A quinine-laced Moscato wine base aperitif produced in Italy. It is a variety of Americano wine that uses gentian root as the primary ingredient.
The driest and lightest of the traditional sherry varieties. They are consumed young and shortly after opening the bottle; within a few hours they start to lose flavor.
A French orange-flavored liqueur made from a blend of cognac, bitter orange essence and sugar. It is used in common cocktails like the Cosmopolitan, Sidecar, Sangria and others.
The most common fruit juice used in cocktails. This citrus juice is about 6% acid; pure citric acid. Lemon juice should be used the day it is squeezed, some like it freshly squeezed and others like it a few hours old.
A syrup made from dissolving granulated sugar (sucrose) in water. Regular simple is made by combining 1:1 sugar:water by mass, rich simple is 2:1 sugar:water by mass although only 1.5 times as sweet as regular. We always use 1:1 syrup unless otherwise noted in the recipe itself.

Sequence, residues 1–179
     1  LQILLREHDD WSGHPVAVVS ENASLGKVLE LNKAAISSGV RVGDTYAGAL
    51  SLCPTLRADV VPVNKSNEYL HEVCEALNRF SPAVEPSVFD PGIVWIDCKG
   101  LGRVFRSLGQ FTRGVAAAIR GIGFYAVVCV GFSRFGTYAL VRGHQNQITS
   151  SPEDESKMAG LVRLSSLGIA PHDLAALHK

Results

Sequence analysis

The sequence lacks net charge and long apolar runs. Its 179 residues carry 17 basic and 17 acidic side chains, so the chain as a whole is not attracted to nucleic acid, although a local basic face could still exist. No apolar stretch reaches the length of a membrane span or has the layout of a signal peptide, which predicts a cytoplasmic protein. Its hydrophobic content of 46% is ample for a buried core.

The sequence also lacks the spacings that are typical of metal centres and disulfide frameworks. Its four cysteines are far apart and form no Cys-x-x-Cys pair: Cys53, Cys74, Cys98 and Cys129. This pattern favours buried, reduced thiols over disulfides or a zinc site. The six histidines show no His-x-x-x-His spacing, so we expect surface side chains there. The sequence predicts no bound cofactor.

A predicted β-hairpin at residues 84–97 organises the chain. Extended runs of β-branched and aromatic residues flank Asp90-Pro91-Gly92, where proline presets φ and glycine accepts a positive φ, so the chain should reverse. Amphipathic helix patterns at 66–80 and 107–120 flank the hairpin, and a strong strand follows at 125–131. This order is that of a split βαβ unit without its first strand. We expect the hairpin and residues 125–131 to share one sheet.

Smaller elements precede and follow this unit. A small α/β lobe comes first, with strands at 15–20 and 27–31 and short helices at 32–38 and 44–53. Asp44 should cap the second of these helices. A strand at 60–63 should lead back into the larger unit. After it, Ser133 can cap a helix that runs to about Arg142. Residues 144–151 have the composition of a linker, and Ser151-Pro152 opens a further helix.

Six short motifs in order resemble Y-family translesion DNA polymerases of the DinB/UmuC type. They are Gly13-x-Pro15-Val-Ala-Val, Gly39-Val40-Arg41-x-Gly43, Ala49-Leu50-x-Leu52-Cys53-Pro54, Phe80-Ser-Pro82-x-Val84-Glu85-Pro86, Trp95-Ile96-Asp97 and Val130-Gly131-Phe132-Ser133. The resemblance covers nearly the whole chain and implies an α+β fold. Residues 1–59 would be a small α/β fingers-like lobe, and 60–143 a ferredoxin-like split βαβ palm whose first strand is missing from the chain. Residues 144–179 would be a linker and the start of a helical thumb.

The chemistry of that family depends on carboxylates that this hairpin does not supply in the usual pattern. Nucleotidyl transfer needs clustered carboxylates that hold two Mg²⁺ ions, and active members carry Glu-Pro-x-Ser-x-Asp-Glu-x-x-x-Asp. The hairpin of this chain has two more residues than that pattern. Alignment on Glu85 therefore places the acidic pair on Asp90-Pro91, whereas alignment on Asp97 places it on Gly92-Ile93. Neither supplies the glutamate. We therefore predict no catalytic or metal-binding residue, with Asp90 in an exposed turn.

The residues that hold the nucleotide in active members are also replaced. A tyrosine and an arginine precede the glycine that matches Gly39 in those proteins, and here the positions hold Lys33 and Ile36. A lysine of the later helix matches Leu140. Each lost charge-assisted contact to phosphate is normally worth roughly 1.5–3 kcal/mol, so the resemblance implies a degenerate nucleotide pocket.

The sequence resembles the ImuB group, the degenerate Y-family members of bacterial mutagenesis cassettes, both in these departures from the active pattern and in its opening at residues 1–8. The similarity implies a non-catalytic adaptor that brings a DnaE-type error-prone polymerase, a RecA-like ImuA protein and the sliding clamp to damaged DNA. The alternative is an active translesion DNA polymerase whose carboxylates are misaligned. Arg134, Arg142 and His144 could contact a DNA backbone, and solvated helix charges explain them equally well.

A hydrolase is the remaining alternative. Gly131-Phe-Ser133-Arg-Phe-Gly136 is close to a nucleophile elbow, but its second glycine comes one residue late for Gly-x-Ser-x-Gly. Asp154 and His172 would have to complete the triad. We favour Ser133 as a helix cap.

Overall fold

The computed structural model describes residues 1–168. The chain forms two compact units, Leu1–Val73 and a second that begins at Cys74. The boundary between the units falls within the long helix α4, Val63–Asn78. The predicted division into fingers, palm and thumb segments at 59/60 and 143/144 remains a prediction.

Often used to rim a glass for cocktails or made into a solution to add to the liguid itself in order to balance the flavors. Table salt or common salt is a mineral composed primarily of sodium chloride (NaCl), a chemical compound belonging to the larger class of salts; salt in its natural form as a crystalline mineral is known as rock salt or halite.
A sparkling wine produced from grapes grown in Champagne, France. The carbonation is due to secondary fermentation of the wine after it's bottled. For our purposes we treat this the same as Brut and Sparkling Wine.
A hybrid citrus fruit originating in Barbados as an accidental cross between two introduced species, sweet orange and pomelo. Like other citrus fruits the grapefruit is popular among cocktails for its peel and juice.
Short shake all the ingredients, except grapefruit and champagne, with ice for about 5 seconds, then strain into a chilled flute. Pour in the champagne, and quickly dip a spoon in to mix. Express the grapefruit twist over the drink then drop it in.
From Devon Tarby.
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